The Hobbit: The Desolation of Smaug may not win any awards for theme, plot, acting, or other bits, but I hope it can only shine a light to hollywood that there is a lot of potential money to be made from the fantasy genre that falls outside of A Game of Thrones.

Sunday, January 5, 2014

First Game of 2014: L5R

I may have mentioned that I don't play RPG's as much as I would like to and that one of my goals in 2014 was to play more.

I spoke with my buddies a few weeks ago and they were talking Iron Kingdoms. I was like well, I know the setting from the old d20 books and the table top game, but don't have any of the new stuff. No problem, come on by early and we'll hash something out.

Talked to them before coming over and bam! It'd be changed to Legend of the Five Rings by AEG .

This is what I'm talking about when I mention the inspiration part of movies, books, and comics. The fact that a group of these guys went to see the movie and were so entranced by it, by the sound track, the visuals, the scenery, the background, and themes, that they said, "You know, that game of Iron Kingdoms we were going to play? That we discussed? That the GM has been prepping for months? Yeah, screw that game. It's time to get my Samurai on!"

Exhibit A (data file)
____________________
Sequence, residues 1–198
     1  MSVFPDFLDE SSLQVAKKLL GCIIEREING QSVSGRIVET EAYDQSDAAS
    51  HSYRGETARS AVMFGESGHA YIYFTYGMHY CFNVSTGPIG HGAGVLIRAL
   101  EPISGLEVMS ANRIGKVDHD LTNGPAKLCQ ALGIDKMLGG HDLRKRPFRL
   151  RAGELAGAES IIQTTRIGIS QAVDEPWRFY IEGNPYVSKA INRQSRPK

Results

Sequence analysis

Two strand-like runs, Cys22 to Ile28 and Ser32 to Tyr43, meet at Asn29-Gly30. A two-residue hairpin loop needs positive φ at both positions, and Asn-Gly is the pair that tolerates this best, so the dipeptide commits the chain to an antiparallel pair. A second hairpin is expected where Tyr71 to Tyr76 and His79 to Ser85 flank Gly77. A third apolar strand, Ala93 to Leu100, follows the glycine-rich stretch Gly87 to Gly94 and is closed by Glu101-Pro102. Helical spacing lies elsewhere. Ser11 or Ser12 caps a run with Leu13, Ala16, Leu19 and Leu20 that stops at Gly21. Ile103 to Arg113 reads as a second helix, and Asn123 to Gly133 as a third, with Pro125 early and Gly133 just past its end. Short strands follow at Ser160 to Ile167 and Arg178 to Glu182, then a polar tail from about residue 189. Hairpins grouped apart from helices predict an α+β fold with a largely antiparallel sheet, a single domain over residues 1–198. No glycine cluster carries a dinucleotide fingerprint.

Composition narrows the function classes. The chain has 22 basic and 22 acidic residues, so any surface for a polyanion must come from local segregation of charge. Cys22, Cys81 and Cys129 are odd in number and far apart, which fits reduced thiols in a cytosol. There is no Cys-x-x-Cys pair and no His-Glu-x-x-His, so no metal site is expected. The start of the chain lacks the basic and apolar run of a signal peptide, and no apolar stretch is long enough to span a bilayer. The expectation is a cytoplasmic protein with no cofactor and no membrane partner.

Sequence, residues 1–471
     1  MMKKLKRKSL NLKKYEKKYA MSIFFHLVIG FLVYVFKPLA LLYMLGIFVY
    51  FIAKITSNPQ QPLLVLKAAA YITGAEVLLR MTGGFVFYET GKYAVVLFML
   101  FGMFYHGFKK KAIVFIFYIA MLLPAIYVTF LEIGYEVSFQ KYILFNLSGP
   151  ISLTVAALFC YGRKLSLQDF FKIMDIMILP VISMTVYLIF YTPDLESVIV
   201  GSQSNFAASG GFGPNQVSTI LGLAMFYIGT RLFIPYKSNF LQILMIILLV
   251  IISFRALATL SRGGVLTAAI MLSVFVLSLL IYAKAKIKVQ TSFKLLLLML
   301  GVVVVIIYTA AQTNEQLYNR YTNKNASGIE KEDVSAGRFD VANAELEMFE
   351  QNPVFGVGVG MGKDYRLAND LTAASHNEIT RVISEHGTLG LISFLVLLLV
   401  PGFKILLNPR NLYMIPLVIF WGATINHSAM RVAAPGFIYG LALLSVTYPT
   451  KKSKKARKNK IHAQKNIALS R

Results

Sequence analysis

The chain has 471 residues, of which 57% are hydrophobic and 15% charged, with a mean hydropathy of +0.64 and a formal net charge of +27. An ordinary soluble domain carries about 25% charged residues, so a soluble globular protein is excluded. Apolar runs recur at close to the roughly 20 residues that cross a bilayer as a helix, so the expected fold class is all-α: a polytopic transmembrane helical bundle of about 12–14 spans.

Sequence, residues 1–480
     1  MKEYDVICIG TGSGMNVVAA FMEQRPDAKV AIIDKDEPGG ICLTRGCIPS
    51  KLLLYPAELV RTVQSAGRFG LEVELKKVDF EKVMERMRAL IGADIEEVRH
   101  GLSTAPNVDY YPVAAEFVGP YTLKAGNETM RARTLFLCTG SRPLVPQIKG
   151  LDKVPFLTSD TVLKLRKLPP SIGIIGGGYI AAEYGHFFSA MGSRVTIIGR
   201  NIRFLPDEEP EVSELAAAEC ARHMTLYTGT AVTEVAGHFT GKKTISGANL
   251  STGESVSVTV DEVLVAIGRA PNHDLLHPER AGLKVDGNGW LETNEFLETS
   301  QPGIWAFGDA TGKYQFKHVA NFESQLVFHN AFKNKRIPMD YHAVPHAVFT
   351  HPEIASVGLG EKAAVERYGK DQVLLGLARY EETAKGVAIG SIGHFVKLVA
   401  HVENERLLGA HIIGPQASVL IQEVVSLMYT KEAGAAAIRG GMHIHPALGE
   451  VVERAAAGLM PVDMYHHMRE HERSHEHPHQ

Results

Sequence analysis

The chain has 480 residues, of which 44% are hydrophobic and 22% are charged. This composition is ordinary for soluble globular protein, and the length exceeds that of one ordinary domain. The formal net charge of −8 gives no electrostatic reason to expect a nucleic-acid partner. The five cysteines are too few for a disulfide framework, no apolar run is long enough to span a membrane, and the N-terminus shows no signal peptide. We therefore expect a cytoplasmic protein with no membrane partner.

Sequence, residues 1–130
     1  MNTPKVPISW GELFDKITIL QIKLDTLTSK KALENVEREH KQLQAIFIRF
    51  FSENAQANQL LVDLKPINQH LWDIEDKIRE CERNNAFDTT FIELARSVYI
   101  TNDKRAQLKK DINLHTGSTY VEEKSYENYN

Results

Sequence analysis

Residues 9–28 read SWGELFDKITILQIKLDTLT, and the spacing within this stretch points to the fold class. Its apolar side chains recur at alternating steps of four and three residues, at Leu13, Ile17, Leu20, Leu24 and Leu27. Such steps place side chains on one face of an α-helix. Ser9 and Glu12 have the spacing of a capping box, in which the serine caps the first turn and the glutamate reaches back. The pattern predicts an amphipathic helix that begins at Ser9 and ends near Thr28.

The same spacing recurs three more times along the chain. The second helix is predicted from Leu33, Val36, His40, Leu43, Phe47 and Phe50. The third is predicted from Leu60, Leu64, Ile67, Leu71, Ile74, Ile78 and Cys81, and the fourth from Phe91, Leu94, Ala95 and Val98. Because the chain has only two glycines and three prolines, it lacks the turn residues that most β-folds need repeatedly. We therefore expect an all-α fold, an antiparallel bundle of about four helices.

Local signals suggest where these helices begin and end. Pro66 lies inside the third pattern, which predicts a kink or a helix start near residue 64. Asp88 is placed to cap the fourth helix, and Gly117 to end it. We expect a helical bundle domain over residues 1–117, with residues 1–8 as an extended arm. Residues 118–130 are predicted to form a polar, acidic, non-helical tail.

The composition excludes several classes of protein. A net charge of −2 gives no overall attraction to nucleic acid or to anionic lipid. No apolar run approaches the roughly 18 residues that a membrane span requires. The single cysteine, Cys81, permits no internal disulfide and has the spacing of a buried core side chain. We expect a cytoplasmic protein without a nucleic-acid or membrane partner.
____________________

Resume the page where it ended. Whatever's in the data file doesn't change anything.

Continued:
For me it was good because I've also been getting a samurai fix form Tim's Miniature Wargaming Blog where he's been posting about playing games of Ronin, a skirmish level miniature game by Osprey.

And man, I have the PDF. It's a huge thing being over 400 pages. And it's a gorgeous book. I really need to break down one day and buy the hardcover because while my Toshiba Thrive is still working, either I'm getting old and that 10.1 screen isn't doing it anymore, or more likely, like 99.9% of PDF's, it's the book with no regard given to being read in any other format than the print version.

Because it's so graphic heavy and so tight in text, it's not necessarily a pleasant experience reading it in standard format so you can increase the size of the text and make it easier on the eyes, but then it's not a page per 'sheet' or screen view if you will. That could just be me being crazy and suffering some OCD or something though.

Anyway, one of my friends did a Crane, another one a Dragon, another a Crab, and I picked Scorpion. We all picked Samurai, no courtiers or monks or ninjas or other weirdness.